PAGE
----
Playing Politics with the Postal Service

A new report says that the recent politicization of the Postal Service is detracting from addressing the real problems facing the agency.

A new report says that Washington’s recent politicization of the Postal Service is creating a barrier addressing the actual problems that are facing the agency.

The report, published by the American Enterprise Institute, lays out how the politics got so divisive surrounding the Postal Service this year as well as what it says the real short and long-term problems are that lie before the agency.

It further adds that the political arm waving going on by both parties in Washington are just an impediment to Congress taking any action to address the more legitimate problems. In fact, the report says that the actions Congress has taken regarding the Postal Service this year are “focused on two nonproblems: the USPS’s finances and the agency’s capacity to handle a surfeit of ballots.”

It says that for the near term, the Postal Service has plenty of cash on hand ($13 billion) and that it has the capacity to handle delivering election year ballots.

“Some 140 million ballots were cast (in person and by mail) in the 2016 election; if every one of those voters voted by mail this year, the mail they produce would amount to 5 percent of the 2.7 billion mail pieces USPS handles each week. Nowhere near that many votes will be mailed in, and they will be spread out over many weeks preceding the election,” states the report.

So what does the report say are the Postal Service’s true problems?

Short-Term Problems

In the near-term, the report says that the Postal Service suffers from delivery performance (it has seen a decline in on-time deliveries in the last year), effects of the coronavirus on Postal workers, and public communications.

With respect to the coronavirus, the concerns there are somewhat obvious: if Postal employees get sick and cannot work, essential work cannot be done to carry out the agency’s mission. The report suggests that the Postal Service should report its plans to the public about how it would handle a situation in which significant numbers of its workforce could not work due to illness.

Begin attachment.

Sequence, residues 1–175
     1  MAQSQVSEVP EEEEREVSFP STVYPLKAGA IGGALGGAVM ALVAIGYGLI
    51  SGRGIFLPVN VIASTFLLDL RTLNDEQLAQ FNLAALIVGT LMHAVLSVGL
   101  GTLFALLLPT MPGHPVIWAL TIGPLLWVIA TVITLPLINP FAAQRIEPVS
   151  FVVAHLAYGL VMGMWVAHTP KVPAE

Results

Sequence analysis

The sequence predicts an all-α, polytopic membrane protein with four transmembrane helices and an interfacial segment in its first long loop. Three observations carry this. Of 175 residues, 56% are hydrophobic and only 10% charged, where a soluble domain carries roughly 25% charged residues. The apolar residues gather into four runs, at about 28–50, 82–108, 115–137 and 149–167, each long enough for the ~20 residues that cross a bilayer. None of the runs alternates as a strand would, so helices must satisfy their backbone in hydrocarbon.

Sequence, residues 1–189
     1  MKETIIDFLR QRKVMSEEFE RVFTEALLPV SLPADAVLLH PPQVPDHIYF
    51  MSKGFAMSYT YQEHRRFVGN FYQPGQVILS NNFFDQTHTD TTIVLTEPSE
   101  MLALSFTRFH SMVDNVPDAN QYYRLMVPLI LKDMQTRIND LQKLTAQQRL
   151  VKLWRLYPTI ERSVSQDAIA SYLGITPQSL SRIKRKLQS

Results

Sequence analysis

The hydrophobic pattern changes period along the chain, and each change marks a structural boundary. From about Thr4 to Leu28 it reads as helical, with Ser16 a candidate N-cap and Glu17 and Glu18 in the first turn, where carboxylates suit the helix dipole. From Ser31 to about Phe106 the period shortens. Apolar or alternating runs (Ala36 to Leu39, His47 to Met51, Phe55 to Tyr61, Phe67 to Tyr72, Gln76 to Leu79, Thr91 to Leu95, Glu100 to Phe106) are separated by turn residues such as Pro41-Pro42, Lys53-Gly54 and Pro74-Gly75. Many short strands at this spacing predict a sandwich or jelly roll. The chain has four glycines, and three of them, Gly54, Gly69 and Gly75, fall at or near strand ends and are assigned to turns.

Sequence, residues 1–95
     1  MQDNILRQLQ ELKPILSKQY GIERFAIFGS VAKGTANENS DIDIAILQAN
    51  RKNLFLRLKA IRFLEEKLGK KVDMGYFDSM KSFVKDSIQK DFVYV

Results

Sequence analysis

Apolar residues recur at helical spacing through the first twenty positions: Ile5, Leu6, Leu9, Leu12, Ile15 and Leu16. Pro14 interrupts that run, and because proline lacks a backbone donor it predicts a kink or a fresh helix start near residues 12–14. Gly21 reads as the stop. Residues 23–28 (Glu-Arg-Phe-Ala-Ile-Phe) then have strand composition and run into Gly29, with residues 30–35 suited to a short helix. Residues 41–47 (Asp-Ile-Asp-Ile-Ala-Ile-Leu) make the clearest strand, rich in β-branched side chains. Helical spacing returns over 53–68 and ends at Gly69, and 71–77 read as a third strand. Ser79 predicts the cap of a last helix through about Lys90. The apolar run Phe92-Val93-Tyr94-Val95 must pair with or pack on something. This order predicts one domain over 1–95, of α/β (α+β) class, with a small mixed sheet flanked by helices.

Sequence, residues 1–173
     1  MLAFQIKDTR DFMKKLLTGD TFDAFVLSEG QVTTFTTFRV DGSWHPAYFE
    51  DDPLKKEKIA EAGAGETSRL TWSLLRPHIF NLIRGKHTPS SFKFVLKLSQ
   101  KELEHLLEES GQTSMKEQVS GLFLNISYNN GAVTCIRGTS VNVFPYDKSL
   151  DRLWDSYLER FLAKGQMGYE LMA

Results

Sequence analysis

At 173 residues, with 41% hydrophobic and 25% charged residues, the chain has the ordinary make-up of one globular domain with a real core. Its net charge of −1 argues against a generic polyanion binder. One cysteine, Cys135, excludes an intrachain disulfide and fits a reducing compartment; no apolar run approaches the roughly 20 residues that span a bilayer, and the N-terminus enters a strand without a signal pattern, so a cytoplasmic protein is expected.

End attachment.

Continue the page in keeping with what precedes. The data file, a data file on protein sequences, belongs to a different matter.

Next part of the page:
With respect to public communications, the report says, “For reasons that are far from clear, the USPS has a long-standing tendency to not communicate openly with the media or public about its operations or performance, despite much criticism about its lack of openness over the years.” The report says this opens the agency up to unnecessary criticism, some of which is not based in facts.

Long-Term Problems

This is one of the biggest struggles the Postal Service faces according to the report. The organization was built around sending ordinary mail, but in the internet era, the volume of mail being sent has declined sharply creating obvious problems such as revenue shortfalls.

There are also the notorious unfunded pension obligations that continue to hamper the agency. The report notes that as of 2019, the Postal Service had about $130 billion in unfunded obligations it has made in pension and retiree health care costs. However, it says that the situation with retiree health benefits is the more troubling of the two:

The Postal Service’s RHBF [retiree health benefits fund] is problematic. The fund has only $47 billion of the $114 billion needed. That is about 41 percent of the obligation, meaning the USPS needs to find nearly $70 billion to cover the costs of the benefits it has promised to its workers.

The USPS has not paid into the fund since 2012 and has been drawing funds from the RHBF since 2017. The GAO predicts the RHBF will go bankrupt in a decade. Absent congressional action, either USPS retirees will eventually lose some or all of their health benefits or the public will be forced to bail out the USPS.

Although it acknowledges that addressing the long-term problems will not be easy since it requires action from Congress, one possible solution outlined in the report for the RHBF is to invest the funds more aggressively in a manner modeled after the Thrift Savings Plan. Currently, the report says the funds are invested in Treasury bonds and only earn about 1.5% interest. The proposed reform would invest 25% of the fund into the stock market in index funds “and be overseen by a board modeled on the Thrift Savings Plan board.”

The main message in the report though is that the politicization of the Postal Service by both parties is not going to help solve anything. It states rather succinctly, “Getting the USPS out of the headlines and returning it to being an agency in which the public has significant confidence would help quell congressional turmoil; neither party would see as much utility in using USPS as an issue to attack the other.”

About the Author

Ian Smith is one of the co-founders of He has over 20 years of combined experience in media and government services, having worked at two government contracting firms and an online news and web development company prior to his current role at FedSmith.